internal val satelliteDrawable = MutableLiveData<String>()

private fun showErrorState() {
signInStatusText.value = LOGIN_ERROR
authButtonText.value = SIGN_IN
satelliteDrawable.value = ANTENNA_EMPTY
}
//...
}
class LoginView : Fragment() {

private lateinit var viewModel: UserViewModel
//...

//Create and bind to ViewModel
override fun onStart() {
super.onStart()
viewModel = ViewModelProviders.of(
//...
).get(UserViewModel::class.java)

//start background anim
(root_fragment_login.background as AnimationDrawable).startWithFade()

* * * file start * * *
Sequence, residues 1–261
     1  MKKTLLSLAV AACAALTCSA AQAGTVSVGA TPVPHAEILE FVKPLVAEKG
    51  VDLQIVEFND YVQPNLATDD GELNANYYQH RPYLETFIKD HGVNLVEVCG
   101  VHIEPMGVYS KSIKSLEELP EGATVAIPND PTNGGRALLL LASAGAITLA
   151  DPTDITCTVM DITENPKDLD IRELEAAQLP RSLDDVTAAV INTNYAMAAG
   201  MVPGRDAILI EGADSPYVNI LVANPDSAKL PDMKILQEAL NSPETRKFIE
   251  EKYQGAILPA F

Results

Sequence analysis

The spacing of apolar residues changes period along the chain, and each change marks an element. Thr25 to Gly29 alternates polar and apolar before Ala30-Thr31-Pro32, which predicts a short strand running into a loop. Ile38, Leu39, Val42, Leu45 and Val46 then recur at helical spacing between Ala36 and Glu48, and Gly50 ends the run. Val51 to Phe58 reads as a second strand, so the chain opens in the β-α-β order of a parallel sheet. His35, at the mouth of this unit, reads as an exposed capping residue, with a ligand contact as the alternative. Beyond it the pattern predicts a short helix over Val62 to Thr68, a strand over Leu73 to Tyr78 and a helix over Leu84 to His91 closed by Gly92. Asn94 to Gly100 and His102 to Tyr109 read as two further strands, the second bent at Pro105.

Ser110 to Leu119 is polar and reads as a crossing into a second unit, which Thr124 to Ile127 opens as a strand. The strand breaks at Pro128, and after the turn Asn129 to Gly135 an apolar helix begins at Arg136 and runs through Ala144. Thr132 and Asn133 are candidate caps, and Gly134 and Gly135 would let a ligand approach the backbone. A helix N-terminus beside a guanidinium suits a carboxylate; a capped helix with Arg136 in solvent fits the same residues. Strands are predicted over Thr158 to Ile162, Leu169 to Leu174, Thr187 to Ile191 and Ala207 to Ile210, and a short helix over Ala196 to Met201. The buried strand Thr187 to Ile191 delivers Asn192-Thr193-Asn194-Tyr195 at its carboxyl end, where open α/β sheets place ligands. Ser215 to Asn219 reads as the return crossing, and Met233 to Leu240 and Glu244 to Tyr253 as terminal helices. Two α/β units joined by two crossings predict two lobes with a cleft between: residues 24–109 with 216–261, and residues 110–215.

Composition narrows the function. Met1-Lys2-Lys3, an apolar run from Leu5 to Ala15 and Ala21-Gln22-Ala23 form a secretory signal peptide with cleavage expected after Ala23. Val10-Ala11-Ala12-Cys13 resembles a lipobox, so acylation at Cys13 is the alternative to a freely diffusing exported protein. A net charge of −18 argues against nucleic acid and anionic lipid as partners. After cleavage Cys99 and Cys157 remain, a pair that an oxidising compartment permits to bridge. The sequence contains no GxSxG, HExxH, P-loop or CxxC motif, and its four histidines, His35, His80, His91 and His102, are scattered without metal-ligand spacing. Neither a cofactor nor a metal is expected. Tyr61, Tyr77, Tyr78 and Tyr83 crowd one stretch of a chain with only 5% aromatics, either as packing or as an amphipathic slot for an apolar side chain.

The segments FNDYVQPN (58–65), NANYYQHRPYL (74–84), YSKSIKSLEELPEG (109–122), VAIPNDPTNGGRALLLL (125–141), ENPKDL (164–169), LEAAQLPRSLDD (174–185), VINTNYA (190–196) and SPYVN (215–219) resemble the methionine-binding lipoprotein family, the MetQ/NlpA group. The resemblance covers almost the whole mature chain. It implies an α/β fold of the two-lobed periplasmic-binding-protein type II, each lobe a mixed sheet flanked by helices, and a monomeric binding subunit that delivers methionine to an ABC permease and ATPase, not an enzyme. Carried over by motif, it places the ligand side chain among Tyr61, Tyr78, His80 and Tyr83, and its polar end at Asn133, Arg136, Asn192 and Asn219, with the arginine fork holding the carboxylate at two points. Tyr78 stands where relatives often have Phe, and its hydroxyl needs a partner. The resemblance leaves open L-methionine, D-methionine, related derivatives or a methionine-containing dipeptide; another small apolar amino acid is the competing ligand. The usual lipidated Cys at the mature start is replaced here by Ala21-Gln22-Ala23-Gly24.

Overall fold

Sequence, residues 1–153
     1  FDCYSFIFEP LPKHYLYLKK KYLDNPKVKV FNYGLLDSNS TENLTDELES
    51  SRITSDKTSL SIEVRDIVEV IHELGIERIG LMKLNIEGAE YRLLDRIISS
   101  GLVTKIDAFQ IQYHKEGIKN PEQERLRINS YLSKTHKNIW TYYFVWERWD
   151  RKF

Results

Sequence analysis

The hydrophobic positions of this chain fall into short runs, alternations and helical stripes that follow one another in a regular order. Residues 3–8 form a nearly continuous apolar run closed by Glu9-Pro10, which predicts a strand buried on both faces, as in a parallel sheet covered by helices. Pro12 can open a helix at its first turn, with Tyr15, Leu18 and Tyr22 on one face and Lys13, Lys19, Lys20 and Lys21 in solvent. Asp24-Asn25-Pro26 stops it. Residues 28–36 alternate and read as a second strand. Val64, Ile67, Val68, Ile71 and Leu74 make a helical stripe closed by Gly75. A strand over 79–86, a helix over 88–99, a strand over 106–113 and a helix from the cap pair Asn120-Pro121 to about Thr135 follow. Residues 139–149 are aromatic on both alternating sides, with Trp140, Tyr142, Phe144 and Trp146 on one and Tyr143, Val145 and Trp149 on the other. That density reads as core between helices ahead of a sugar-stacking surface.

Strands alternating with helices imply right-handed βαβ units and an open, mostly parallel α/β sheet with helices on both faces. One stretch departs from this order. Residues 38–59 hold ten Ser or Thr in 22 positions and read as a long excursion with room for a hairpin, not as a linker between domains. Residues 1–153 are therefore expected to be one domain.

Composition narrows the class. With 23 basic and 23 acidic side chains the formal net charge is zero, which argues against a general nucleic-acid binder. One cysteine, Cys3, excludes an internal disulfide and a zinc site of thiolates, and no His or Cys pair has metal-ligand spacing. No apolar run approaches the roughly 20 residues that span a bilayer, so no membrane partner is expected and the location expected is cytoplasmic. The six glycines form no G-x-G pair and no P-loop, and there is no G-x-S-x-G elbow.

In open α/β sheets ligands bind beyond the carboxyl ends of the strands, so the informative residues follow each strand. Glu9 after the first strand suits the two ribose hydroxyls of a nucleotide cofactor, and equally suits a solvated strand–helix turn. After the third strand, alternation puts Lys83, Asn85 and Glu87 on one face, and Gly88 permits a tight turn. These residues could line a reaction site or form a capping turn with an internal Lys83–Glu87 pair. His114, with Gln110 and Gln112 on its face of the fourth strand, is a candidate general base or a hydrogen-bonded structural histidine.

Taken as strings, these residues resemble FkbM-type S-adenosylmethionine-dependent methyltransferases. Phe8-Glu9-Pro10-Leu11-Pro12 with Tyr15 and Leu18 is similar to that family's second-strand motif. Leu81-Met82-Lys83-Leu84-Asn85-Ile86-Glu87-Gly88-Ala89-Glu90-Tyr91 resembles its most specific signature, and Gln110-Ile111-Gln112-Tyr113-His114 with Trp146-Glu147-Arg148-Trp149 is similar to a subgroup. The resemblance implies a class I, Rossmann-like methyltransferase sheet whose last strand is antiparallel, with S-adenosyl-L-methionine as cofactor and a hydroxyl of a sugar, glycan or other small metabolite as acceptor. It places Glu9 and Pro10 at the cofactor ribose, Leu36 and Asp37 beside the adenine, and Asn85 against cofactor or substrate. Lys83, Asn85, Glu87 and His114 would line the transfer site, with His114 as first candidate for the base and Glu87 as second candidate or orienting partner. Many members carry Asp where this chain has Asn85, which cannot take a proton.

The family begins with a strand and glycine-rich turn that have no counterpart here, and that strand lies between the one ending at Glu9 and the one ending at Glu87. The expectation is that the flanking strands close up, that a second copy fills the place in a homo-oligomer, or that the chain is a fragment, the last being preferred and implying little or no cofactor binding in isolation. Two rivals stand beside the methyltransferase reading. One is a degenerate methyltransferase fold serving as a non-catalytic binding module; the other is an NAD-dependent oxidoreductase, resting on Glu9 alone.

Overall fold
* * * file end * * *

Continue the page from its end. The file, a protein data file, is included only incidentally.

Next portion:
setUpClickListeners()
observeViewModel()

viewModel.handleEvent(LoginEvent.OnStart)
}

private fun setUpClickListeners() {
//...
}

private fun observeViewModel() {
viewModel.signInStatusText.observe(
viewLifecycleOwner,
Observer {
//"it" is the value of the MutableLiveData object, which is inferred to be a String automatically
lbl_login_status_display.text = it
}
)

viewModel.authButtonText.observe(
viewLifecycleOwner,
Observer {
btn_auth_attempt.text = it
}
)

viewModel.startAnimation.observe(
viewLifecycleOwner,
Observer {
imv_antenna_animation.setImageResource(
resources.getIdentifier(ANTENNA_LOOP, "drawable", activity?.packageName)
)
(imv_antenna_animation.drawable as AnimationDrawable).start()
}
)

viewModel.authAttemptState.observe(
viewLifecycleOwner,
Observer { startSignInFlow() }
)

viewModel.satelliteDrawable.observe(
viewLifecycleOwner,
Observer {